It only takes 6 weeks to form a new habit. Some say it only takes 21 days.
There may not be agreement on how long it takes to form a new habit, but there is agreement that habits can be formed in a relatively short period of time. The same is true for breaking old habits.
I am being challenged.
I recently picked up a copy of The Simplest Way to Change the World: Biblical Hospitality as a Way of Life. I haven’t been able to put it down. Clearly from the title, the book is a call for followers of Christ to practice biblical hospitality for the sake of the gospel. The authors define biblical hospitality in this way:
“At its core, the practice of biblical hospitality is obeying the command in Romans 15:7 to “welcome one another as Christ has welcomed you.” It’s receiving others into our lives—into relationship and, yes, even into our homes. It welcomes Christians as a way to walk in the truth that we’ve been made family through the gospel, and it welcomes non-Christians in an attempt to model and extend the gracious invitation we’ve received from God in Christ.”
I have believed that the gospel is best communicated through ongoing relationships. That seems to be one of the primary means that the gospel spread so quickly in Christianity’s infancy. It is in keeping, I believe with Jesus’s teaching of the disciples in Matthew 28, “As you go, make disciples.” As you go about life, as you go to work, as you go to school, as you go to your child’s ball game, as you go about the normal rhythms of your life, make disciples. New City Church has preached this from our first days. I’ve practiced it, to some degree. But not so much at home.
Home has been my sanctuary – my place of safety and a refuge. Apparently, I am not alone in this view of home. In chapter 3 the authors list 4 “cultural currents” (trends) that describe our view of home:
isolation – our home is our private get away. It is where we go to separate from people;
relaxation – our home is a place for us to kick back, veg out, unwind and recharge;
entertainment – our home is a place to binge watch Netflix, scroll through social media and play games;
busyness – life is filled with work and play and children causing us to constantly be on the go, so much so that there is no time for home and certainly not for hospitality.
Do any (or all) of those describe you? This isn’t how it was meant to be, how it should be, and thus my being challenged.
This isn’t just a fad, “everyone’s doing hospitality now.” It isn’t just a rule, “thou shalt have people over.” It is a picture of the hospitality that God has shown to us from the garden to this day. In the garden, God not only provided a beautiful place for Adam and Eve to be and amazing food for them to eat, but He came to them in the cool of the day, spending time with them. With Israel He was with them in the cloud and fire, eventually making His home with them in the temple. Jesus is God with us! He came in the flesh to serve His people, to walk with them, care for them and provide for them – for us. Even now He provides for us in His indwelling Spirit – God is still with us! The gospel itself is God providing hospitality - all that we need to be with Him; it is Him providing, caring for and loving us. The authors wrote of this connection, “When we invite into our homes and lives those who are far from God, essentially we say to them, God loves you and He hasn’t given up on you. We present that message with our actions before we even get a chance to share the gospel with our words. If we are truly God’s ambassadors, as Paul called us in 2 Corinthians 5:20,2 then when we open our doors to a non-Christian, it is as if God Himself is opening His door. When Christians practice this simple action repeatedly, it changes the world.”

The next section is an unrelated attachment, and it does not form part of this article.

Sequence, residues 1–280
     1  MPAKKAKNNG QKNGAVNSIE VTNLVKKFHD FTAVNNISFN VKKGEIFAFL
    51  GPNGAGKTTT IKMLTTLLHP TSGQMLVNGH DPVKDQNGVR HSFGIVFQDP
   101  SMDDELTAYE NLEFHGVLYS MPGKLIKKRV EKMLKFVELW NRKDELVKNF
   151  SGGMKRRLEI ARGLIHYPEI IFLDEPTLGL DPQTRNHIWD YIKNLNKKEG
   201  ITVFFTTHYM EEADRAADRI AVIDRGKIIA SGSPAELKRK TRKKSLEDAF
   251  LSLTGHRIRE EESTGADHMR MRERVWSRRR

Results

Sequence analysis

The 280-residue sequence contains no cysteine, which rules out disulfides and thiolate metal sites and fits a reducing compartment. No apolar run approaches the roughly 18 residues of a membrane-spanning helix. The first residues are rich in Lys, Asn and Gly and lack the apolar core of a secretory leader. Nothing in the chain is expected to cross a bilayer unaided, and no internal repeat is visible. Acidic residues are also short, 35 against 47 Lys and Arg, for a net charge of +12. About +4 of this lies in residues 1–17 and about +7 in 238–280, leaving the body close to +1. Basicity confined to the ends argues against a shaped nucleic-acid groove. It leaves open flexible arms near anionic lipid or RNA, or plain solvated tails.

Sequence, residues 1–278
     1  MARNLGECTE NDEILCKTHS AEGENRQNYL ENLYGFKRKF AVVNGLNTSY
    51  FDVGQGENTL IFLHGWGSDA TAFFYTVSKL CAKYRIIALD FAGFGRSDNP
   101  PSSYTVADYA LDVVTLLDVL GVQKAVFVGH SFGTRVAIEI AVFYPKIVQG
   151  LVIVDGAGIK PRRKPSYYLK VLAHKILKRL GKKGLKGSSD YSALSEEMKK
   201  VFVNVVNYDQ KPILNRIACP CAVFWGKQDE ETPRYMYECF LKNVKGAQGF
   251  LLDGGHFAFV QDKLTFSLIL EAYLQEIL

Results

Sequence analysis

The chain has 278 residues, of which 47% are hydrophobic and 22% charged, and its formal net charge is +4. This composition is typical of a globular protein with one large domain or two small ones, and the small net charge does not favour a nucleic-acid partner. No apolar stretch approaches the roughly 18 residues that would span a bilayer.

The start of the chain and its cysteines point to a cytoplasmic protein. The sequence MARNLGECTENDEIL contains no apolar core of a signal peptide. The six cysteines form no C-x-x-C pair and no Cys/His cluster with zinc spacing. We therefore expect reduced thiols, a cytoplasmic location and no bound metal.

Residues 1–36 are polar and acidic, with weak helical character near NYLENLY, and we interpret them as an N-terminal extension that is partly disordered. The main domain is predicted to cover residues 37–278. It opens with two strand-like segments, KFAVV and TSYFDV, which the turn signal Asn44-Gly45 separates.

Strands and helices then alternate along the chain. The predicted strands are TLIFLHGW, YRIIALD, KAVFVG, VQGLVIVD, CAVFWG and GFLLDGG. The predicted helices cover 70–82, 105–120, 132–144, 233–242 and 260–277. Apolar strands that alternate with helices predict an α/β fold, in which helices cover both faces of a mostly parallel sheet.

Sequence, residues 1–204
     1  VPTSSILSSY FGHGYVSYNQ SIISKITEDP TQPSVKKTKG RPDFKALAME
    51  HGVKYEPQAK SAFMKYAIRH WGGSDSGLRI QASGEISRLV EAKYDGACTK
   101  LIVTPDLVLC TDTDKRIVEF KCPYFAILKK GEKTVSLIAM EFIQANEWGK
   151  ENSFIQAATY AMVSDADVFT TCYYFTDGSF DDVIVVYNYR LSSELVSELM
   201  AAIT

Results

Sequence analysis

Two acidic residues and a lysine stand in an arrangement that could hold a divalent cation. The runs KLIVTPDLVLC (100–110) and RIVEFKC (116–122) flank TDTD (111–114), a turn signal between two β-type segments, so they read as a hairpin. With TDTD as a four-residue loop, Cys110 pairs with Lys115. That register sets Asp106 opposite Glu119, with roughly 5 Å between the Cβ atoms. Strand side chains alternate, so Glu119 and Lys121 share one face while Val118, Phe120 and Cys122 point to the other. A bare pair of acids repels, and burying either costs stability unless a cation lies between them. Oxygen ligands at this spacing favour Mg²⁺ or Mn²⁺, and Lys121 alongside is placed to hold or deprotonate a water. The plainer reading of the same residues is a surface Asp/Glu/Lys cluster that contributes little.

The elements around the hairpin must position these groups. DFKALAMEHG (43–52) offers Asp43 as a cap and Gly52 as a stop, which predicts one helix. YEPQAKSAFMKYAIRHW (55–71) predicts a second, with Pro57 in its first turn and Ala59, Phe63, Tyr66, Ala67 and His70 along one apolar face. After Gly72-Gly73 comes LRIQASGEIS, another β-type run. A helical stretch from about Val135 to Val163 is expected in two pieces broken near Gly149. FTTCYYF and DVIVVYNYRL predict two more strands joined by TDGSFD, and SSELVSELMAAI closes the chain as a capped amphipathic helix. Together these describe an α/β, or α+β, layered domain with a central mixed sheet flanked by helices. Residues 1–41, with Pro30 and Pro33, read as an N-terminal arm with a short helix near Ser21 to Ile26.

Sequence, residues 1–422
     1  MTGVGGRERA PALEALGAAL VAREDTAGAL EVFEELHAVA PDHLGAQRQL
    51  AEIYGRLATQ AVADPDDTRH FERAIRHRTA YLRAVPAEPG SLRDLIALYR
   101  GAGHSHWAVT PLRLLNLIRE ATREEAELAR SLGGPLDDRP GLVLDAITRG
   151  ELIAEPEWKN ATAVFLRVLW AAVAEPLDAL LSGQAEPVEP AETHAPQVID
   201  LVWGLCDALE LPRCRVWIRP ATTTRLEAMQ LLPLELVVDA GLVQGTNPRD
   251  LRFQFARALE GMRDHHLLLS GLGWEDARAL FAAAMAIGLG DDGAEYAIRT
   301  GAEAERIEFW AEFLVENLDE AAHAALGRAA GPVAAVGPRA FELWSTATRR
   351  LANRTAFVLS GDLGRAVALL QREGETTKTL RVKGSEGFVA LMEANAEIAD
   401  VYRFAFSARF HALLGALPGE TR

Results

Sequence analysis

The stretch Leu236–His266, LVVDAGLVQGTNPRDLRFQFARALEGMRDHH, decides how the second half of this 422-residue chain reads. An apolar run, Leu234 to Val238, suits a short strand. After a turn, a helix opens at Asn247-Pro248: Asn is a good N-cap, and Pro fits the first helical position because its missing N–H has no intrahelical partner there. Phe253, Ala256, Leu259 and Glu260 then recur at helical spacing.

I like that – the idea that you and I can be a part of changing the world. I like the thought of my home and life at home pointing people to a God who loves them deeply and to His Son who has given so much for them. I want that.
But it is not my habit.
My habit is to see my home as a private get away from the world and people, a place for me to relax, recharge and be entertained. My habit is a busy life with little room for hospitality. I am confessing.
They say it only takes 6 weeks to form a habit.
So I will see. Maybe it will only take 21 days. I’m going to try.
“You won’t accidentally fall or stumble into changing the world through biblical hospitality… If you do nothing, you will continue to think the same way you always have and do the same things you’ve always done. Maybe a simple movement against the current becomes a way of life that leads to seeing lives and neighborhoods transformed.”
First I’m going to finish this amazing book! You can pick up a copy and join me. It is a great read and incredibly practical.
I’m going to get a copy for Amy and get her reading.
I’m going to schedule with her a night – maybe just twice a month for now (it’s a start!) to open our home for hospitality.
I’m going to invite people around me to dinner. I’m going to be a friend. I’m going to listen. And when I am able I will share with them how good Jesus has been to me, how he has loved me and how he loves them.
I’m praying now for those who might come. I’m praying that this will become a beautiful habit for me. And I praying that maybe it would become a habit for you as well.